The fact that he doesn’t try to redeem these flawed, fascinating figures—or even try to make you like them in the slightest way—feels like an…
One of the great success stories in American education is Providence St. Mel School, at 119 S. Central Park on Chicago's West Side. This is a far from advantaged area where gangs and drugs are realities, and yet the school reports that for 29 straight years, it has placed 100 percent of its high-school graduates in colleges. Of course this figure benefits from the school's policy of expelling troublemakers, but it also reflects its commitment to providing deserving students with a quality education.
"The Providence Effect," a new documentary, charts the school's growth from a time when an existing Catholic high school was scheduled for closure by the Archdiocese of Chicago. A remarkable educator named Paul J. Adams III began at the school as a counselor, was named principal, raised funds to keep the school open as a private academy dedicated to college prep and later expanded to a full K-12 range. It boasts that in the most recent seven years, half its students have gone to first-tier, Big Ten and Ivy League schools.
Three years ago, Providence St. Mel also opened Providence Englewood Charter School, starting at kindergarten to nurture students at the dawn of their school days. The results are impressive. They draw from the same neighborhood pool. Their ISAT scores are above the state average.
A documentary about these achievements is certainly appropriate. "The Providence Effect" is impressive, although not quite the film it could have been. It asks few hard questions. It's concerned primarily with charting the school's achievements through a series of testimonials from current and former teachers, community leaders and national figures (Ronald Reagan visited the school twice). These witnesses are impressive, but the film's lack of traditional documentary footage leads to a certain beneficent monotony. The doc observes, but doesn't probe.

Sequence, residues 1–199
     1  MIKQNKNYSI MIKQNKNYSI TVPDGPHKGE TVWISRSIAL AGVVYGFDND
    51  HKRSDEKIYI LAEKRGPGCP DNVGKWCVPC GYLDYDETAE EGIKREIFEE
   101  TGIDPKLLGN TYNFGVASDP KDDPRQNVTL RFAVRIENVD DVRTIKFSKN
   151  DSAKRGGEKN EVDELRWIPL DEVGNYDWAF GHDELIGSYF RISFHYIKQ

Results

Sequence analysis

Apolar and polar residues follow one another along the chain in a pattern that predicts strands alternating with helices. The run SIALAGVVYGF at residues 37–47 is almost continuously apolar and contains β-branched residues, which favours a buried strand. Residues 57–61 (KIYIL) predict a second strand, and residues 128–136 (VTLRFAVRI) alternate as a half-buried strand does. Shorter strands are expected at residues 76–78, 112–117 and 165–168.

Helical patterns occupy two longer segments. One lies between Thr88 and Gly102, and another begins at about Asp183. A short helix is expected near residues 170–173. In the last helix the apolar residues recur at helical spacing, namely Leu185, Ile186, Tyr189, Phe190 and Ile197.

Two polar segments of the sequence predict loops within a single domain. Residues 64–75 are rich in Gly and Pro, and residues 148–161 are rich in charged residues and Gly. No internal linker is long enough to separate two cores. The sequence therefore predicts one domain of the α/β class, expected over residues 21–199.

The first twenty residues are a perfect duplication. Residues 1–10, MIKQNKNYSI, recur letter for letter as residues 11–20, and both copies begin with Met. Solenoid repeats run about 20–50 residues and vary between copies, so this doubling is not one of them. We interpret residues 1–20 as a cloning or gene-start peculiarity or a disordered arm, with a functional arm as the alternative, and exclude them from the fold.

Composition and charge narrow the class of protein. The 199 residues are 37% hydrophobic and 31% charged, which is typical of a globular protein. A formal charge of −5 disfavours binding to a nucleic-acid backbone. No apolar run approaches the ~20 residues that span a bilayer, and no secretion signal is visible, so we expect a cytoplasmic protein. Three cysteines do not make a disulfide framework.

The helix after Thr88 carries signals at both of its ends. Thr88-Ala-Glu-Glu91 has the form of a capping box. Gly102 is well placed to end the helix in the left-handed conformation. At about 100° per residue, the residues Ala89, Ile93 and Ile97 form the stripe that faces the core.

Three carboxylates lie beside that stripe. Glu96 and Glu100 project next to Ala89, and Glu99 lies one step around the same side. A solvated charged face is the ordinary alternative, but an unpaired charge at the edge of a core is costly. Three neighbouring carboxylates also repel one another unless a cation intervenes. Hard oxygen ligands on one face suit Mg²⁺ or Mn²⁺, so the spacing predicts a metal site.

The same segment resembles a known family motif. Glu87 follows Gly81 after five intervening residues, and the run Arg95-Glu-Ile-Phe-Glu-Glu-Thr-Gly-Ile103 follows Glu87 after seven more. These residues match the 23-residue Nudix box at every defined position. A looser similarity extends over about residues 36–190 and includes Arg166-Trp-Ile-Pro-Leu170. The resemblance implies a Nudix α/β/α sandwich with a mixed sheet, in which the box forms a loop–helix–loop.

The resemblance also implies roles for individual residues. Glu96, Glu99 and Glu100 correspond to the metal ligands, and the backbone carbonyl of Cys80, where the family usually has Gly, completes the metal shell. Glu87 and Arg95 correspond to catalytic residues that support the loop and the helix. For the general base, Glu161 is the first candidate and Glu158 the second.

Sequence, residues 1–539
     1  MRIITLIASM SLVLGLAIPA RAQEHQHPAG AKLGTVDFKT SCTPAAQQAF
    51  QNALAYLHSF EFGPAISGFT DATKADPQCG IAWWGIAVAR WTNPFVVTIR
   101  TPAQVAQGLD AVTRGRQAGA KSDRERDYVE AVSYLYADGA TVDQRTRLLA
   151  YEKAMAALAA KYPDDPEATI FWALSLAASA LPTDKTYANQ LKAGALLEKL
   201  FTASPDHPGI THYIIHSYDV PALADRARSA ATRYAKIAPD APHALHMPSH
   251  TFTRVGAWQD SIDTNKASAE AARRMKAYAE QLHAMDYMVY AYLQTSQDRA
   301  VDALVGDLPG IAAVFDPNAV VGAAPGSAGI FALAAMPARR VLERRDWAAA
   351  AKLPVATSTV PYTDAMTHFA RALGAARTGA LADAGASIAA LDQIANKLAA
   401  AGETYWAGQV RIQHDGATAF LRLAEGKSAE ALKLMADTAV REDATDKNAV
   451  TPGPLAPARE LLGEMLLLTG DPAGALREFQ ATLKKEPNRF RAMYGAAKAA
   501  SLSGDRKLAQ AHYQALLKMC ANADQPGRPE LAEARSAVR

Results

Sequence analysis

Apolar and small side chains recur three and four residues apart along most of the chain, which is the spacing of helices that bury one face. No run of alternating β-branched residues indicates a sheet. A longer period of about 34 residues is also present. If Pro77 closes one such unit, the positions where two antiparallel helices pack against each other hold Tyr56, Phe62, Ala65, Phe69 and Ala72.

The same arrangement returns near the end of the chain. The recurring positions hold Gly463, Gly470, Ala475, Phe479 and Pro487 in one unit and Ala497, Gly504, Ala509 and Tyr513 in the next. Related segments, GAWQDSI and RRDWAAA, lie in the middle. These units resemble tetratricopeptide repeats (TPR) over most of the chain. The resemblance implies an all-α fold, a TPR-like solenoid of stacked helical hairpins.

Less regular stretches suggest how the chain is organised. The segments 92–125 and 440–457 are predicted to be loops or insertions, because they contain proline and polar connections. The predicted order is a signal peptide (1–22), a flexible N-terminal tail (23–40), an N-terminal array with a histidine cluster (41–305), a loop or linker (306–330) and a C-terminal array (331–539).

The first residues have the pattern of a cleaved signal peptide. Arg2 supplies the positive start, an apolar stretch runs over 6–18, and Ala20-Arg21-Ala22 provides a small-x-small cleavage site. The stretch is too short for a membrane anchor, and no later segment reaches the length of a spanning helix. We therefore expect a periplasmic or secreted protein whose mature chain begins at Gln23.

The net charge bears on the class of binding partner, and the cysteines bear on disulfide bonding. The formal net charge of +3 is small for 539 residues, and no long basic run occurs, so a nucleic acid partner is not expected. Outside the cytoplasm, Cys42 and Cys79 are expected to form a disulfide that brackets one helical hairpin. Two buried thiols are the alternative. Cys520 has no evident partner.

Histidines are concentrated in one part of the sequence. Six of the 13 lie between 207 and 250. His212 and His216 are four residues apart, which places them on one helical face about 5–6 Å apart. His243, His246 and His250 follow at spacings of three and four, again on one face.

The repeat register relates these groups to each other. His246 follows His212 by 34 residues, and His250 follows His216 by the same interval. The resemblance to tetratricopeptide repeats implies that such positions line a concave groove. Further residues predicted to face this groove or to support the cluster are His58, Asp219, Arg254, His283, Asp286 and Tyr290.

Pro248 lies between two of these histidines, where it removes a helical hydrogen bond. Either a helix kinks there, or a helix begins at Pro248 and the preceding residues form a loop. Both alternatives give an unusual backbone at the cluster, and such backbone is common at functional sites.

How do the students survive the toxic neighborhoods in their personal lives? What is the process by which a misbehaving or counterproductive child can be expelled? What is the selection process? How are non-Catholic students regarded? How do teacher salaries rank? Do gangs take a negative interest in the school or its children?
The film's powerful message is that inner-city black and Latino children are fully capable of competing with anyone on an intellectual level. But potential and practice are two different things. What kinds of homes do the students come from? Presumably their parents are highly motivated on their behalf and maintain family discipline. Can the process of becoming a Providence St. Mel success story be said to begin at birth?
What prevents public school systems from producing results such as these? The film suggests that public schools spend too many resources on administration and bureaucracy, and not enough on education itself. Also, of course, they have to take all applicants -- those suited for school, and those already temperamentally not suited. Guns and drugs are a problem. Self-image and school spirit are also. If there's one thing we learn for sure about Providence St. Mel in this film, it's that the students and teachers are united in a fierce belief in the school.
View the trailer:
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